I applaud the race directors for going out of their way to make this the best experience for first-timers and seasoned relay runners.  They have put in countless hours of preparation.  The detail of the race guide confirms my belief that Todd and Kimberlee have the best interest of the runners in mind.  The crazy contests add another element of fun to the event.

The Community Bicyclist
There will be spectators everywhere, but don’t feed them.
There will be spectators everywhere, but don’t feed them.

Both groups will find this to be nothing like they’ve ever experienced.  I sure hope my schedule permits me to do this next year.  I am jealous!  I know what’s going through their minds.  “What have I gotten myself into?”  You’ve gotten yourself into a good time, that’s what!

When I’m not running, volunteering, or writing, you can usually find me lurking on Twitter, blogging at ICEdot Athletes, or on #Runchat.

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4 Responses

  1. Thanks Nick for taking the time to write this. It was definitely an experience no one will EVER forget especially with the record-breaking snow showers. Our first Outbackers are the toughest people I know. And oh, the stories we will tell….

    1. This was the first race of this kind for me, but something I had always wanted to do. I gathered a team of 12 with only a couple of the 12 ever doing a race like this and several were new or newer runners. We were all excited and nervous due to the extreme elevation of the course…but we never dreamed we would deal with freezing temps, rain, snow, sleet and mud…Talk about last minute preparation. Scrambling for gloves, jackets, hats..any cold weather gear that we thought we had put up for the season. Not only worried about the elevation, we now had to deal with how to tackle this in these extreme conditions. I will have to say it was quite the challenge, but It was one of the best experiences we have ever had, and one we will talk about for many years to come. We knew that Todd and Kimberlee Guin had worked their tails off to make this dream happen for them and for all the runners involved. I want to thank them for all their hard work and for giving us the experience of a life time. Trust me, if you did not get to do this race this year I HIGHLEY recommend you do it next year, as I know you won’t regret it.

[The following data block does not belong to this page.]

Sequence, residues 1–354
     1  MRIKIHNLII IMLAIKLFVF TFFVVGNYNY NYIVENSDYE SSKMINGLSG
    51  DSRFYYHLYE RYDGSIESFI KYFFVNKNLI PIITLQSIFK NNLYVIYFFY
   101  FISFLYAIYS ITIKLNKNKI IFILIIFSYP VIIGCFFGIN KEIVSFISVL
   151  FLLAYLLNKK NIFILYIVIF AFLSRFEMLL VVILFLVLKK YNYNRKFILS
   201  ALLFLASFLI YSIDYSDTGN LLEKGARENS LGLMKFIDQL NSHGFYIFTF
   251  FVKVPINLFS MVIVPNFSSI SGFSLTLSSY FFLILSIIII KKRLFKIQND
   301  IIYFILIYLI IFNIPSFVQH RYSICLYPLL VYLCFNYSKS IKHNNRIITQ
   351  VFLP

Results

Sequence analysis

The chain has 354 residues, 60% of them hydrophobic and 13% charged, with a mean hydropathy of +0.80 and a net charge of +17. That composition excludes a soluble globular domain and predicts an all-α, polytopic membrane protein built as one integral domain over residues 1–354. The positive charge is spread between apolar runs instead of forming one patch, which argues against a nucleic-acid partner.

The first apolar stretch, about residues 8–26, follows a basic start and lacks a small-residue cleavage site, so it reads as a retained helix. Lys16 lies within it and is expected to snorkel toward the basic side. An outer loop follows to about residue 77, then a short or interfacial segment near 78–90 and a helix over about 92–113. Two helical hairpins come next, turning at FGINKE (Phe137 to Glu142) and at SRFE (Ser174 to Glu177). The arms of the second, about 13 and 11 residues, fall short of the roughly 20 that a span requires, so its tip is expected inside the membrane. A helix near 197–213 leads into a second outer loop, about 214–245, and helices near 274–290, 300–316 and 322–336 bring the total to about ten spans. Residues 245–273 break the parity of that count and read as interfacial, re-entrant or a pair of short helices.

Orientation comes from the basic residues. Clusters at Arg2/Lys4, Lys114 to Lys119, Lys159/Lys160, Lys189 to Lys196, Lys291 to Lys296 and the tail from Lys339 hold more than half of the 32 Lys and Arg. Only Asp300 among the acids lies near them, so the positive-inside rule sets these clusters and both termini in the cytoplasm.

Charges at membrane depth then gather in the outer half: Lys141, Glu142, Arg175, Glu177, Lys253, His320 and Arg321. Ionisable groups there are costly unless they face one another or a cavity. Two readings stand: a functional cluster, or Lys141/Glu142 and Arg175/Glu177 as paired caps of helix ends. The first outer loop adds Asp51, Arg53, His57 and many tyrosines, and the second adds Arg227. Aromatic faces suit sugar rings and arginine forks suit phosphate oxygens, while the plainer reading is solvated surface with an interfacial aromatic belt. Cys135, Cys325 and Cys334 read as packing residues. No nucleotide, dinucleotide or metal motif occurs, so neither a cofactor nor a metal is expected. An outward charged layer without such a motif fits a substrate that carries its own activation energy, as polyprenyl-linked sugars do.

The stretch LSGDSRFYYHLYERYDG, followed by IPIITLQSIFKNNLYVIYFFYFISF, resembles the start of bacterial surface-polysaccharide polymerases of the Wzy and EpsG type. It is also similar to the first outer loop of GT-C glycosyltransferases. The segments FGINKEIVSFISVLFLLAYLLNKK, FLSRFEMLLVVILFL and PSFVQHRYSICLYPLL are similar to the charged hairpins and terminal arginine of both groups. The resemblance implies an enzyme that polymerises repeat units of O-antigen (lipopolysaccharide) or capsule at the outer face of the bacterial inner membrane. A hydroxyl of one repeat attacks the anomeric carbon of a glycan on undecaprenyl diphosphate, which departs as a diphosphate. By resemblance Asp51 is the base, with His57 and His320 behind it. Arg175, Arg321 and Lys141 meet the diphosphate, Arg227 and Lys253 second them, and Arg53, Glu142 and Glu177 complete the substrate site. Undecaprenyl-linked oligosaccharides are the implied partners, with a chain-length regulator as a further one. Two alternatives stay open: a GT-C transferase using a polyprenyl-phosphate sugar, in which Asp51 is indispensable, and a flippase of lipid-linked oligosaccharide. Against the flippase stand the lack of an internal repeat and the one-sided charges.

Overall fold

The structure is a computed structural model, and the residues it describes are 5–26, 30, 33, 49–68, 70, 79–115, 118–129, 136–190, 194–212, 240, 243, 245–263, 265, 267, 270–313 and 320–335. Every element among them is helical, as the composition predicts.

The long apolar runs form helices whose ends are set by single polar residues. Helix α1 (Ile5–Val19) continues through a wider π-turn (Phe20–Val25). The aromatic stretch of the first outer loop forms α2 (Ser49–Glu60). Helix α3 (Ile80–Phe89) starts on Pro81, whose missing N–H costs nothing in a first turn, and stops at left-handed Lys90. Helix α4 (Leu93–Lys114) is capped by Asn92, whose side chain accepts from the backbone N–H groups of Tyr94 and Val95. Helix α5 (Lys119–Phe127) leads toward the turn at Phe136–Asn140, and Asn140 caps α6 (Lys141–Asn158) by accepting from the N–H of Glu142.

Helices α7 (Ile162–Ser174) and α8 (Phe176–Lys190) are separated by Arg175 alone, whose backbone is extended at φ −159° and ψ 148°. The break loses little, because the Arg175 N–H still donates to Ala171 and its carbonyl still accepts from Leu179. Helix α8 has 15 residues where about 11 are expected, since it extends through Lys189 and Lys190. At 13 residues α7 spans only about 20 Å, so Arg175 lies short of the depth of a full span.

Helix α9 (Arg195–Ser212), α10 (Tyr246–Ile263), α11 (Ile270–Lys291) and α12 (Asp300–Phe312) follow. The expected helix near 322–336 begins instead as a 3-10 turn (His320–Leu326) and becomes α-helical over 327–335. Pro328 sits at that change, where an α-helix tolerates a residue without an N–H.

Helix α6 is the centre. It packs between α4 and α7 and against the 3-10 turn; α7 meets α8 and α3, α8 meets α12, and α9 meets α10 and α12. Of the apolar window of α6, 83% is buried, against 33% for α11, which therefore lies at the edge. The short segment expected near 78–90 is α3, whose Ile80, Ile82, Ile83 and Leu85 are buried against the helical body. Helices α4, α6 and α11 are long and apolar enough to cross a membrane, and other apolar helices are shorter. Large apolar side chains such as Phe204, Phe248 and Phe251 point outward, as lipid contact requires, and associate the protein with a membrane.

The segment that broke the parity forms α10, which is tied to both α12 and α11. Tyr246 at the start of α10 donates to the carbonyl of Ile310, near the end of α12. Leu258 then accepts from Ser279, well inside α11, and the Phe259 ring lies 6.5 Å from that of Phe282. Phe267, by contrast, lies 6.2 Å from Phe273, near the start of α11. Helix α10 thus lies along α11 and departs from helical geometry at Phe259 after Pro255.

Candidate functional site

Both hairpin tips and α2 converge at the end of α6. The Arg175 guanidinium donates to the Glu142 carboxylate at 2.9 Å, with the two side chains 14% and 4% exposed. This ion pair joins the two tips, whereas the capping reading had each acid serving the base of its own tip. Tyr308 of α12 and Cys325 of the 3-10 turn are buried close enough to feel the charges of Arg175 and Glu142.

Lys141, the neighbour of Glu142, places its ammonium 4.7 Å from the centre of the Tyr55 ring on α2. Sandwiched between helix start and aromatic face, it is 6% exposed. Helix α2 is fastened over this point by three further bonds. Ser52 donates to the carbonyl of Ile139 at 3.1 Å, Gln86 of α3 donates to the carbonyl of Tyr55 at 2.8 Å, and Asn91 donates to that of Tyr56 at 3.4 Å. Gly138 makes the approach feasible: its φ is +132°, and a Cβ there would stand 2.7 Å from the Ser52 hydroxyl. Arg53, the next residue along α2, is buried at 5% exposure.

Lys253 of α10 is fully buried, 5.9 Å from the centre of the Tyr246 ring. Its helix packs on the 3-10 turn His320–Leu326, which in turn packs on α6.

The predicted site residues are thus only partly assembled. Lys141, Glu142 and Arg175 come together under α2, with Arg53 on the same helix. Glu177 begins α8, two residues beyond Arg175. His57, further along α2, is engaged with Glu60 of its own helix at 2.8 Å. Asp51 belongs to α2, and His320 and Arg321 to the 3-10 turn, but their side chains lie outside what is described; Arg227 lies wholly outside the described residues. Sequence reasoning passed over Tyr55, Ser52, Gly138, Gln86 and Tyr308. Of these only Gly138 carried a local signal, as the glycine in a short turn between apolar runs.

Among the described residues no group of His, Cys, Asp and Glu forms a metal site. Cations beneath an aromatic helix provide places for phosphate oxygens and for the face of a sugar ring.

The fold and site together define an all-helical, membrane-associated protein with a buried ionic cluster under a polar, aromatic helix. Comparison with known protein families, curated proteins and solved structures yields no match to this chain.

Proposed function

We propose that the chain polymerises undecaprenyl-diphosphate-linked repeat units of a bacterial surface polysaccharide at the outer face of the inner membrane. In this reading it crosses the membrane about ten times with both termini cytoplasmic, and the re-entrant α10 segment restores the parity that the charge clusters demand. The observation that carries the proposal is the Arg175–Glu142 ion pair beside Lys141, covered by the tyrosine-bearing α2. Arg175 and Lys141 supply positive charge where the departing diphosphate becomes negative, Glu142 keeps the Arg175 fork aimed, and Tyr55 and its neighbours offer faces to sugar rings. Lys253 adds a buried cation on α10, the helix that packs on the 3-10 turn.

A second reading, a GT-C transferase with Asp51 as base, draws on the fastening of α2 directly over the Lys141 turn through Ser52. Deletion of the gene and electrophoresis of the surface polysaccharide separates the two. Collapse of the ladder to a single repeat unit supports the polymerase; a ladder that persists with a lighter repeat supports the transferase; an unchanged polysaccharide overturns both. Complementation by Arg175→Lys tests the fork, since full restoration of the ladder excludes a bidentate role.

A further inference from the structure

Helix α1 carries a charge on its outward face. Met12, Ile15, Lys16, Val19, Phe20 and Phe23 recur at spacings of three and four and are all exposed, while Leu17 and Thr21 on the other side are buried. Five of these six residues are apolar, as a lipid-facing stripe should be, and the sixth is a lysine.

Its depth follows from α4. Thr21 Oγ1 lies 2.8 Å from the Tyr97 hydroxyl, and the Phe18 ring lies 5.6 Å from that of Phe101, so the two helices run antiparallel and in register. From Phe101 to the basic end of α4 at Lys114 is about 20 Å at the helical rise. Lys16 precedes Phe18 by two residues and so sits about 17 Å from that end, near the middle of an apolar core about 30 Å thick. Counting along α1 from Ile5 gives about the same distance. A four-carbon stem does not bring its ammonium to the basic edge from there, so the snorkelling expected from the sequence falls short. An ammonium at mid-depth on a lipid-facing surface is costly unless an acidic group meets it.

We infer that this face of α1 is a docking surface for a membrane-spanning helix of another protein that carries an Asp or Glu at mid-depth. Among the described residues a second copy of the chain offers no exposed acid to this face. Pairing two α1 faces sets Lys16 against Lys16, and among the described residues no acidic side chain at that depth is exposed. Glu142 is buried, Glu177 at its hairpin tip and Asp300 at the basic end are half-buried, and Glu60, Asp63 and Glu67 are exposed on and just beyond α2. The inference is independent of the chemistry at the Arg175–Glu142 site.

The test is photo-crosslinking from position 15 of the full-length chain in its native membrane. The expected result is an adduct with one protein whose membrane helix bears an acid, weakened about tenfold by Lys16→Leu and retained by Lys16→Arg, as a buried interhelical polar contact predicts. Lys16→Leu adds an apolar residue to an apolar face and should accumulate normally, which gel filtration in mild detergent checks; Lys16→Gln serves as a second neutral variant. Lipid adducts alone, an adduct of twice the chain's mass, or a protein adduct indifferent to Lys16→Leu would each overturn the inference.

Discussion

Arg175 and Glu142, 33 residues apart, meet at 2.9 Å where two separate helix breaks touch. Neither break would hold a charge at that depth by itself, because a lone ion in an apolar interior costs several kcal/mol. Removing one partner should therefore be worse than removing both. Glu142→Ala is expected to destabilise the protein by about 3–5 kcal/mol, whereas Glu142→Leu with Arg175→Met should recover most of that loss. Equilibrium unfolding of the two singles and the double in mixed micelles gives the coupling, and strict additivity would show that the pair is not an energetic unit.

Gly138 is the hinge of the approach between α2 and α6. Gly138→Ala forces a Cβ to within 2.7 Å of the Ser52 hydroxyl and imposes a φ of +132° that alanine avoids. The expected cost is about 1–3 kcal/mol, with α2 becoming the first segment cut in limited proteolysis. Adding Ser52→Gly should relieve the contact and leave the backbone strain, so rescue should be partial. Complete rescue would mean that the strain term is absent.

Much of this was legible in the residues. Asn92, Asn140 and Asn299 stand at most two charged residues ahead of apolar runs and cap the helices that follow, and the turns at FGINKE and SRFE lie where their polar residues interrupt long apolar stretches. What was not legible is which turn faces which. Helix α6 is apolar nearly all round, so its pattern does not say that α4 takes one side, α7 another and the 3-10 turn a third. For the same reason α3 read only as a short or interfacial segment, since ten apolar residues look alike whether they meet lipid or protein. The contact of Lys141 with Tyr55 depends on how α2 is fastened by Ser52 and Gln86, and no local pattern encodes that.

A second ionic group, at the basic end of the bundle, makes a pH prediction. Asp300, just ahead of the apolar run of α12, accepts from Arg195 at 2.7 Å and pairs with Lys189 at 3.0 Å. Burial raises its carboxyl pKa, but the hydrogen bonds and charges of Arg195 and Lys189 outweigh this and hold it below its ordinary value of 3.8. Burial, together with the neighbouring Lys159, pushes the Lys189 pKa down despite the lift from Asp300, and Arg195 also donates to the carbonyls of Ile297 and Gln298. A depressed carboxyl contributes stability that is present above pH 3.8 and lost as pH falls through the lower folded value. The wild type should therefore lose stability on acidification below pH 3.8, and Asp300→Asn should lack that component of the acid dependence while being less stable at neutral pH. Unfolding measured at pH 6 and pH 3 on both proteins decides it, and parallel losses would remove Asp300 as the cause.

Stacey Phillips, Captain – Team Honey Badgers

      1. This is the kind of report I expected to hear. These types of relays are experiences in themselves, but when the race directors put on a race that truly is for runners, you get an experience of a lifetime. I’m glad you had fun out there, Stacey! If you ever do another relay, it may be fun, too, but I’m sure it will fail in comparison to Outback in the Ozarks.

    2. Kim, you know I love writing about playing outside in Arkansas. This relay will be remembered for being epic because of the people, route, weather, and other shenanigans. I’ve heard you all put on a well organized event, which I knew before anyone told me. From the work you all put into it, how could it not be spectacular? The stage has been set for more craziness in the Ozarks. Teams are already preparing for it.